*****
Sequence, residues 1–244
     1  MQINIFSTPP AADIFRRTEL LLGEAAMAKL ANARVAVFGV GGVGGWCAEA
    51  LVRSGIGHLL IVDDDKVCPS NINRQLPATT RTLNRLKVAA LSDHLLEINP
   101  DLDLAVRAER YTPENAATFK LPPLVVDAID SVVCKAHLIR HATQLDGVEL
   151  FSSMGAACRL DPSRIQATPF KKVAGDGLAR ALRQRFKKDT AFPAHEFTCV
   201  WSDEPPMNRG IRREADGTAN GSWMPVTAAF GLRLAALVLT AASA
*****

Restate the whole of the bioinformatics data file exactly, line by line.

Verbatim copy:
Sequence, residues 1–244
     1  MQINIFSTPP AADIFRRTEL LLGEAAMAKL ANARVAVFGV GGVGGWCAEA
    51  LVRSGIGHLL IVDDDKVCPS NINRQLPATT RTLNRLKVAA LSDHLLEINP
   101  DLDLAVRAER YTPENAATFK LPPLVVDAID SVVCKAHLIR HATQLDGVEL
   151  FSSMGAACRL DPSRIQATPF KKVAGDGLAR ALRQRFKKDT AFPAHEFTCV
   201  WSDEPPMNRG IRREADGTAN GSWMPVTAAF GLRLAALVLT AASA